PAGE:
Freedom Friday: You Are God’s Favorite, Part 1

I tell my kids all the time that they are my favorite.

One is my favorite Bear, the other is my favorite toddler. One is my favorite 4 year-old, and the other is my favorite fuzzy head.

Or I just say it plain, “You are my favorite!!”

Because they both are.

I love the way they talk, the things the say, even the ways they get sassy with me. I like the sounds they make (for the most part!), the silly games they make up & play, and the way they walk. I love seeing how they play at the park, taking them to the library, watching the toys they gravitate toward, and the shows they like to watch.

I love to tell them: “You are my favorite!”

Later they may ask, “How can we both be your favorite? Doesn’t ‘favorite’ imply that there can only be one?”

What a great question!

A long time ago, I wrote a teaching entitled, “You Are God’s Favorite: Living in the Reality of God’s Fierce Tenderness”. I thought this was a great time, given the recent posts about being God’s child, to pull out that teaching and re-visit it for this blog.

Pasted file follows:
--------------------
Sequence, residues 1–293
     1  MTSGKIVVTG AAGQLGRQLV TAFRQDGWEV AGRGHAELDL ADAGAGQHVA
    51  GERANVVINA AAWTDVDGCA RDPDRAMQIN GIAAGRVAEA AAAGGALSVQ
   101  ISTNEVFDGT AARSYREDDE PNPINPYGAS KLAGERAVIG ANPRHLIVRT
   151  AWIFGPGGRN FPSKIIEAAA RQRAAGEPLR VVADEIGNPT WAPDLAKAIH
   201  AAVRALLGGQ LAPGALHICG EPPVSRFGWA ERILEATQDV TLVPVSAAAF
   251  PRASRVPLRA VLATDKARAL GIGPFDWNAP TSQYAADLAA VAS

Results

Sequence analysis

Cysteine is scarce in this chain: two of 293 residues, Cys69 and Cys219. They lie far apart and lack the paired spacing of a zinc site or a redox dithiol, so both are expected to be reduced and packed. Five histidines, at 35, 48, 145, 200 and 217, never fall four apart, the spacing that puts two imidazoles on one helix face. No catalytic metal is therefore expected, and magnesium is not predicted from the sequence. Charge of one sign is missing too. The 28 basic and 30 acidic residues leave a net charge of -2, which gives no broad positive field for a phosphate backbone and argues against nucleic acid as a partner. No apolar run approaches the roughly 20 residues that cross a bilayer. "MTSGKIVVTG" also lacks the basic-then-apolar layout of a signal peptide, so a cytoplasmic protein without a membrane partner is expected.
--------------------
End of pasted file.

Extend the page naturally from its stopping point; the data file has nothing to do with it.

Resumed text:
1 John 3:1 says “How great is the love the Father has lavished on us, that we should be called children of God! And that is what we are!”

John, the writer of the above, was one of the 3 disciples closest to Jesus, one of His intimate friends. As I share in the post, “Is Having One Best Friend Biblical?“, Jesus did not have a single best friend; He had 3 intimate friends. John was one of these 3.

From what we know, John didn’t begin writing about his experiences with Jesus until very late in his life, as historians believe he wrote his gospel and letters over 50 years after Jesus died.